Climate change is one of the most critical challenges humans need to overcome. Financial institutions play a major role in the world’s shift to a greener future, and many are stepping up to the plate to prioritise sustainability across their operations.
For instance, the International Monetary Fund (IMF), the World Bank, and the OECD recently collaborated to release a new report on climate-aligned finance. Elsewhere, Lloyd’s of London teamed up with Moody’s Analytics to set the gold standard in greenhouse gas emissions accounting, Deutsche Bank and the European Investment Bank launched a €400m collaboration, aimed at supporting sustainable transformations at medium-sized companies, and NatWest released an AI solution to enhance ESG data for SMEs. Finally, Allianz announced plans to be carbon-neutral within its internal operations by 2030 and reach net-zero in its investment and Property and Casualty underwriting portfolios by 2050. These are just a handful of the developments from this month within the finance world.
The importance of ESG has sprouted a burgeoning ESG FinTech sector. In 2022, there were 114 deals in the space, an increase of 46% on 2021. The US was the home to the largest share of these transactions, accounting for 25%. These are still the early days of ESG FinTech, so FinTech Global asked players in the industry how the sector will evolve in the coming years.
Saumya Mehrotra, associate principal, sustainable index product management at Deutsche Borse group’s Qontigo, stated that emerging technologies can help the ESG FinTech sector offer greater transparency, real-time monitoring and complex data capabilities. AI and NLP could help firms sift through vast amounts of ESG data, identifying patterns, risk and opportunities that might have been missed by a human analyst.
Thanks to the widespread hype around tools like Chat GPT, there has been a resurgence in excitement around AI technology in the market. Having been a buzzword for many years, companies are again excited exploring the range of capabilities offer and how they can solve major challenges. To that extent, it is no surprise that AI is expected to play a pivotal role in the future of ESG FinTech.
Erik Bernstrup, product manager at Nordic ESG software and advisory firm Position Green, said, “AI will play an essential role in the future of ESG FinTech. It can provide insights into gaps, augment missing data, identify latent opportunities, and ultimately accelerate the sustainability transformation of businesses.”
Echoing this, MassMutual Ventures principal Alix Brunet said, “ML and AI are transforming climate risk and sustainability data analysis, forecasting and decisioning – translating carbon and environmental data into actionable information. It’s a really exciting area of development right now.”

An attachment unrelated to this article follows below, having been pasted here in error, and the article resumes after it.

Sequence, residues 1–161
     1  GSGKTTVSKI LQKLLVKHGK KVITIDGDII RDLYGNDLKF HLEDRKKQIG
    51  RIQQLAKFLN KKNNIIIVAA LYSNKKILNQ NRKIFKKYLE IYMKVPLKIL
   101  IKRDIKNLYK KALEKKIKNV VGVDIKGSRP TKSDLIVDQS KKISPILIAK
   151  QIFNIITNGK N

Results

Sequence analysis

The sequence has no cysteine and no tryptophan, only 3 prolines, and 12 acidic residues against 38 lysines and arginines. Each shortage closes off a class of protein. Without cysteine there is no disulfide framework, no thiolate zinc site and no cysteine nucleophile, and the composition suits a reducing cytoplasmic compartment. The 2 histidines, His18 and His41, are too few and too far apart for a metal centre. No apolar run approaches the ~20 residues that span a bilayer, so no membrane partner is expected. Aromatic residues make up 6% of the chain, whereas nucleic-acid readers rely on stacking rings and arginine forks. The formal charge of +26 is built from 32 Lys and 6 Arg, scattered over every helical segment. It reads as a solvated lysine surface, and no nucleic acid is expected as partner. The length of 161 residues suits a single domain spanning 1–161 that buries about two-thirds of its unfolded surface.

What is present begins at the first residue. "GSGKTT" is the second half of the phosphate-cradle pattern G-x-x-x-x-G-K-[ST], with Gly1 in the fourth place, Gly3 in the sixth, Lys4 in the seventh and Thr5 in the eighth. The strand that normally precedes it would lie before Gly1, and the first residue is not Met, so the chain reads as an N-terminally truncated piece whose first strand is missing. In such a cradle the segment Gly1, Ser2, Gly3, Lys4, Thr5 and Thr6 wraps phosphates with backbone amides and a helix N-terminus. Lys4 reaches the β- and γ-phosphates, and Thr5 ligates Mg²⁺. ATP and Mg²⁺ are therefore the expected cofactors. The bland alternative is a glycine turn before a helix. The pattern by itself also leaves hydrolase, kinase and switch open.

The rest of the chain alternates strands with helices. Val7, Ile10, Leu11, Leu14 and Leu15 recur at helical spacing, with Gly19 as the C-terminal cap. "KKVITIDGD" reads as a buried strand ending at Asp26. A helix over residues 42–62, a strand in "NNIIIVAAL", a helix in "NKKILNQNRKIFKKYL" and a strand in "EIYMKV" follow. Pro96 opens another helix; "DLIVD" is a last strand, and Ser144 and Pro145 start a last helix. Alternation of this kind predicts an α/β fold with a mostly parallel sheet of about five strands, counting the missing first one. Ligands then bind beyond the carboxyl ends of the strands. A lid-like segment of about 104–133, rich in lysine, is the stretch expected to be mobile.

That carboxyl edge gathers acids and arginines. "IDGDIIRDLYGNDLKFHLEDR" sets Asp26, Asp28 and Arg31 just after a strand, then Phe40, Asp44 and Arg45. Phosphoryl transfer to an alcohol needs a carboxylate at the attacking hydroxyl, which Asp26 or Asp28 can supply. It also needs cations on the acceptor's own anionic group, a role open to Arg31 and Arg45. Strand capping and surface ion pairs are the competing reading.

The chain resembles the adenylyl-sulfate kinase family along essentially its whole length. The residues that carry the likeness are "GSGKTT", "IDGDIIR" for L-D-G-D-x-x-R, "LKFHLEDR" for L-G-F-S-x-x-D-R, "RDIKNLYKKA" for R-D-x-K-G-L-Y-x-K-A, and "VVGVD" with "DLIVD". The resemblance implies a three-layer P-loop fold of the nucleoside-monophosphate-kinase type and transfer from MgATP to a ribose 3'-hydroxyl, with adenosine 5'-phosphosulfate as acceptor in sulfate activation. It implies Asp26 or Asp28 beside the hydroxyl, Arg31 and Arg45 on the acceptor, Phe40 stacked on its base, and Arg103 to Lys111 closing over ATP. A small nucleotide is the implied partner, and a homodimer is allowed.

However, AI is not the only technology that will help to shape ESG FinTech. Brunet also highlighted the importance of computer vision, which has a particularly promising future in waste management. “With computer vision, the waste management sorting process can be completed quickly, accurately and safely. It also enhances efficiency, lowering operational costs by reducing or eliminating the need for materials to be sorted manually.”
The evolution of data collection
Data is vital to the implementation of ESG strategies. Whether for investing or monitoring compliance, ESG data collection is an important part of the sustainability strategies. Fredrik Davéus, founder and CEO at Swedish financial analytics API developer Kidbrooke predicts the market will see increased API-based B2B offerings that boast data or data aggregation combined with analytics that can be plugged into incumbent financial institutions.
He added, “More data will be collected automatically from the accounts and finance systems at ever larger scale. This is already available in the Nordics from specialised firms plugging into SaaS accounting offerings.”
Hari Menon, partner and SVP at AI powered wealth and ESG solution provider IntellectAI, is also confident the data collection process will become automated, powered through advanced extraction and machine learning models. “This will be exponential progress given the hyper advancement of AI landscape and various LLMs. Only the most complicated cases or exceptions will need a level of manual intervention. The ESG AI model will become more explainable and traceable to give more confidence to the users over time.”
Position Green’s Bernstrup envisions a future with greater data collection. “We will see increasing amounts of data collected from companies aiming to comply with regulations and meet future investors’ growing demand for more sustainable investments. That requires a dynamic reporting structure that can be adjusted over time. The demand for AI will grow as a function of the vast amount of ESG data being collected and analysed.”